John Wallis is usually credited with introducing ∞ as a symbol for infinity in 1655 in his De sectionibus conicis. One conjecture about why he chose this symbol is that he derived it from a Roman numeral for 1000 that was in turn derived from the Etruscan numeral for 1000, which looked somewhat like CIƆ and was sometimes used to mean "many." Another conjecture is that he derived it from the Greek letter ω (omega), the last letter in the Greek alphabet.<ref>The History of Mathematical Symbols, By Douglas Weaver, Mathematics Coordinator, Taperoo High School with the assistance of Anthony D. Smith, Computing Studies teacher, Taperoo High School.</ref>

Another possibility is that the symbol was chosen because it was easy to rotate an "8" character by 90° when typesetting was done by hand. The symbol is sometimes called a "lazy eight", evoking the image of an "8" lying on its side.

Another popular belief is that the infinity symbol is a clear depiction of the hour glass turned 90°. Obviously, this action would cause the hour glass to take infinite time to empty thus presenting a tangible example of infinity. The invention of the hourglass predates the existence of the infinite symbol allowing this theory to be plausible.

The infinity symbol is represented in Unicode by the character ∞ (U+221E).

History

Early Indian views of infinity

The Isha Upanishad of the Yajurveda (c. 4th to 3rd century BC) states that "if you remove a part from infinity or add a part to infinity, still what remains is infinity".

Pūrṇam adaḥ pūrṇam idam (That is full, this is full)
pūrṇāt pūrṇam udacyate (From the full, the full is subtracted)
pūrṇasya pūrṇam ādāya (When the full is taken from the full)
pūrṇam evāvasiṣyate (The full still will remain.) - Isha Upanishad

The Indian mathematical text Surya Prajnapti (c. 400 BC) classifies all numbers into three sets: enumerable, innumerable, and infinite. Each of these was further subdivided into three orders:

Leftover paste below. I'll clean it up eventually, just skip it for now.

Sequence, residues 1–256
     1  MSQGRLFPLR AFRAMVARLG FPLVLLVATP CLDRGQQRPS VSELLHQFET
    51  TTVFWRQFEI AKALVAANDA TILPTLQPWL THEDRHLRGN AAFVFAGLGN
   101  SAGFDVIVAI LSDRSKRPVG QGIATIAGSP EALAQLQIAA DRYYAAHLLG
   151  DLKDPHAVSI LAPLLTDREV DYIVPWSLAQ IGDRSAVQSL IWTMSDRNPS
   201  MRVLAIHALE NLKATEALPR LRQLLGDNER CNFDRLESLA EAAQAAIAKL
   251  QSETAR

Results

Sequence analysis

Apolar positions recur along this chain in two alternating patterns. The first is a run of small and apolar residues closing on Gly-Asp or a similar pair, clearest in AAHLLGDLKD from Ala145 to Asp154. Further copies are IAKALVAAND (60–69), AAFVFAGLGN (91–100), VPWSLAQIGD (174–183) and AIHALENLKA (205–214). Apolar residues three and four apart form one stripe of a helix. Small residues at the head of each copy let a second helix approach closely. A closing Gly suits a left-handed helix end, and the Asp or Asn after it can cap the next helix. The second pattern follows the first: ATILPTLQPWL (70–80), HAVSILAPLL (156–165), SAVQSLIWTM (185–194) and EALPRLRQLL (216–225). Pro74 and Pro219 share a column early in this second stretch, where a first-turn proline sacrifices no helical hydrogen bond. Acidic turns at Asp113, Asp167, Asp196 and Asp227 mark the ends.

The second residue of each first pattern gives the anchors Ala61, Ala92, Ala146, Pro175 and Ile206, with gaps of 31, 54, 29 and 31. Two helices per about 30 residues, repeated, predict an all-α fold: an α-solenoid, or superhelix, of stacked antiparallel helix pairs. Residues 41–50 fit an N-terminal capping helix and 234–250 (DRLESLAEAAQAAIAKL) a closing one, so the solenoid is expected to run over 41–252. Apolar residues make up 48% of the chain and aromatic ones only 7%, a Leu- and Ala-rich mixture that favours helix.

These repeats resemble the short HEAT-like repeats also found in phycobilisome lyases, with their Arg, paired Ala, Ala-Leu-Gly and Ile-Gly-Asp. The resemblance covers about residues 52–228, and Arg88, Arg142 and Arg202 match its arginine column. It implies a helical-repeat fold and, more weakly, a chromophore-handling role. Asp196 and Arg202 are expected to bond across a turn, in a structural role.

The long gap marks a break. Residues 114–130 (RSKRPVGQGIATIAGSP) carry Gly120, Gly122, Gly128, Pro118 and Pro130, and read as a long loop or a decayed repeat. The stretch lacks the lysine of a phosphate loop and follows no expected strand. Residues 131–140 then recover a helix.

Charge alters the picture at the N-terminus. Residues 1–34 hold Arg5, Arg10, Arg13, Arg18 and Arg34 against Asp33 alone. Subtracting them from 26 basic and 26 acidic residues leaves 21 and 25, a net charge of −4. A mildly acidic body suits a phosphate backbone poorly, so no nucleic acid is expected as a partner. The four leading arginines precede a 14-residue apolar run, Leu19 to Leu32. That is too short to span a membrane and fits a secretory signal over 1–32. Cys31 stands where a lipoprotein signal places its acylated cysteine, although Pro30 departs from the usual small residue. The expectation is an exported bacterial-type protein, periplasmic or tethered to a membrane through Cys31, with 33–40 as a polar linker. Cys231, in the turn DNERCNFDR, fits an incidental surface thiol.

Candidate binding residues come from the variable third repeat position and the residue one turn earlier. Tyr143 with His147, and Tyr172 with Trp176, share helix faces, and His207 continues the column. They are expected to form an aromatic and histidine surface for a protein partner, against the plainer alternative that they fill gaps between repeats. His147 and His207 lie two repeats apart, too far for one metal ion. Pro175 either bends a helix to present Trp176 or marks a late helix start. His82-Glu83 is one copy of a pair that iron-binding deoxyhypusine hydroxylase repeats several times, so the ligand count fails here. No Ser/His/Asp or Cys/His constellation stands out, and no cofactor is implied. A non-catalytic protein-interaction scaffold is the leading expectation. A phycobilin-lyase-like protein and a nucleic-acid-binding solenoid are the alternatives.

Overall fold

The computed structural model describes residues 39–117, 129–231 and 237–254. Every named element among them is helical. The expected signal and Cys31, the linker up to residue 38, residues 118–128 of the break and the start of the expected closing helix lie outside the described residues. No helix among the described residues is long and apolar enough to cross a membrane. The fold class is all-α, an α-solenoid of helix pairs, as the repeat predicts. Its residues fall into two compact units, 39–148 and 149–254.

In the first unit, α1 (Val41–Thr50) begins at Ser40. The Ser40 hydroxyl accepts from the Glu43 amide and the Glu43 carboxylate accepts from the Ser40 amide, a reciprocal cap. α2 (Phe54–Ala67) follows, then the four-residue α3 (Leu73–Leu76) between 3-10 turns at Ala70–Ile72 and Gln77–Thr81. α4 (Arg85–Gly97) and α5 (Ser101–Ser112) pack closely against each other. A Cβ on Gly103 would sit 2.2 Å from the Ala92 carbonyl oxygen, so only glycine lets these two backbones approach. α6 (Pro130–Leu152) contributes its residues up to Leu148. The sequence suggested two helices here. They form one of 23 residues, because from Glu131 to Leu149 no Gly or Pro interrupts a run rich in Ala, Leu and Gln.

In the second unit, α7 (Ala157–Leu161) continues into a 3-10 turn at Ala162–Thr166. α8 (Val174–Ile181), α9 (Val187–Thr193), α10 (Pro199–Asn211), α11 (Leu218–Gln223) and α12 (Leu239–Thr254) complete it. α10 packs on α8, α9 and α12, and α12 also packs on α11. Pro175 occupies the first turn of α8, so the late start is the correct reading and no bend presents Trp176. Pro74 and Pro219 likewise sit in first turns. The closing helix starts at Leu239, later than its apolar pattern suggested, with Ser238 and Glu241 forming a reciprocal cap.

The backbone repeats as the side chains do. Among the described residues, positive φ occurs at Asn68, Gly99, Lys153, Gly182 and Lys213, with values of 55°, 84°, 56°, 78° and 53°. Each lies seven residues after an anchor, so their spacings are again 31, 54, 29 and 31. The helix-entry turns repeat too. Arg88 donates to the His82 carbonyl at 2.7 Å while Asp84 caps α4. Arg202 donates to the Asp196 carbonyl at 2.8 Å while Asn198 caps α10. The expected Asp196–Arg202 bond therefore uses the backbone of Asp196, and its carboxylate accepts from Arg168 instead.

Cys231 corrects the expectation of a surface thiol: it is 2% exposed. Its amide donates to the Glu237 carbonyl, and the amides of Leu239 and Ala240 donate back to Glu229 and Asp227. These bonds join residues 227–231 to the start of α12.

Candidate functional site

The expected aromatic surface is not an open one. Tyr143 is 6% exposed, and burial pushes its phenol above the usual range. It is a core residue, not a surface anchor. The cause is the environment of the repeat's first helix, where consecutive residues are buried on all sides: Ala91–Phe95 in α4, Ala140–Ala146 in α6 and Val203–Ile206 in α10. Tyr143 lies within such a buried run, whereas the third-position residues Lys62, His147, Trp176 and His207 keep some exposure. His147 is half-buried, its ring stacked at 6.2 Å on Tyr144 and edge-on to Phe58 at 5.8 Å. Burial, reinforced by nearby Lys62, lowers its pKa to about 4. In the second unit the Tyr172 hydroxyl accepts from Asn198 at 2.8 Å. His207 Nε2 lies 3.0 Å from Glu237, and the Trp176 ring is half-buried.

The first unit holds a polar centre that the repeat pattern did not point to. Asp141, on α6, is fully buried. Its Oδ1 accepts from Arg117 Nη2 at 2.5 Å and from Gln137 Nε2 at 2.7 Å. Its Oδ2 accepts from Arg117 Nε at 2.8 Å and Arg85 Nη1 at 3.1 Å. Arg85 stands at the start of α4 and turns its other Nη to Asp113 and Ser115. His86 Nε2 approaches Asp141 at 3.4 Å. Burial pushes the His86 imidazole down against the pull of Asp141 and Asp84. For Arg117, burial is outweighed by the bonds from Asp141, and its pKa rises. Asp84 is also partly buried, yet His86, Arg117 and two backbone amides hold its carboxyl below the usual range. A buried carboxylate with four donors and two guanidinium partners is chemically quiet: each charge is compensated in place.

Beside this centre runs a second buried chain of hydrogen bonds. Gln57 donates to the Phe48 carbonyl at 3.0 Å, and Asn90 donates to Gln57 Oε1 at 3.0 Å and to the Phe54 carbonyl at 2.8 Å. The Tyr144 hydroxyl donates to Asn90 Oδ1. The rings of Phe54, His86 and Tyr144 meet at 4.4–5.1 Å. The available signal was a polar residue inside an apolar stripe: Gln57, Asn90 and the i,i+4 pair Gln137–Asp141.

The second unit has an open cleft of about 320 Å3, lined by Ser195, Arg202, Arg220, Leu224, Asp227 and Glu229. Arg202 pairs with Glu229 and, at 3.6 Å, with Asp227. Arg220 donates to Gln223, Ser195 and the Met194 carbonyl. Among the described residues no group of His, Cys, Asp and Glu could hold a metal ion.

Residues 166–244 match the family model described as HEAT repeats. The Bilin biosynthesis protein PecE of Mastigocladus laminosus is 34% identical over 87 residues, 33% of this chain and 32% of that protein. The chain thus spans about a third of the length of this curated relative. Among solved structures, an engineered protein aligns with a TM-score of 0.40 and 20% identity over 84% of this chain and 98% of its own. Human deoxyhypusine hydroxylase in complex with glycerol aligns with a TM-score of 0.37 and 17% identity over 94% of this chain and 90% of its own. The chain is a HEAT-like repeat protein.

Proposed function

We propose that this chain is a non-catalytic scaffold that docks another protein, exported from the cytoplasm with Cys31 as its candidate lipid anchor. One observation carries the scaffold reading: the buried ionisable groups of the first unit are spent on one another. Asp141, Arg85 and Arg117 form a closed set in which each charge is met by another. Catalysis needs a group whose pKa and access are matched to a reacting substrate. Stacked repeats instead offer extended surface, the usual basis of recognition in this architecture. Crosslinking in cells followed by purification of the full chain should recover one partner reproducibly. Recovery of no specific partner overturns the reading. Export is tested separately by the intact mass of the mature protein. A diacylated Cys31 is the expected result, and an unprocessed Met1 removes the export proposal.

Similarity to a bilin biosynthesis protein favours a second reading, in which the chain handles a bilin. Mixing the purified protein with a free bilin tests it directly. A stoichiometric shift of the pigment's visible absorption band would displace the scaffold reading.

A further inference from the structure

• Enumerable: lowest, intermediate and highest
• Innumerable: nearly innumerable, truly innumerable and innumerably innumerable
• Infinite: nearly infinite, truly infinite, infinitely infinite

The Jains were the first to discard the idea that all infinites were the same or equal. They recognized different types of infinities: infinite in length (one dimension), infinite in area (two dimensions), infinite in volume (three dimensions), and infinite perpetually (infinite number of dimensions).

According to Singh (1987), Joseph (2000) and Agrawal (2000), the highest enumerable number N of the Jains corresponds to the modern concept of aleph-null (the cardinal number of the infinite set of integers 1, 2, ...), the smallest cardinal transfinite number. The Jains also defined a whole system of infinite cardinal numbers, of which the highest enumerable number N is the smallest.

In the Jaina work on the theory of sets, two basic types of infinite numbers are distinguished. On both physical and ontological grounds, a distinction was made between asaṃkhyāta ("countless, innumerable") and ananta ("endless, unlimited"), between rigidly bounded and loosely bounded infinities.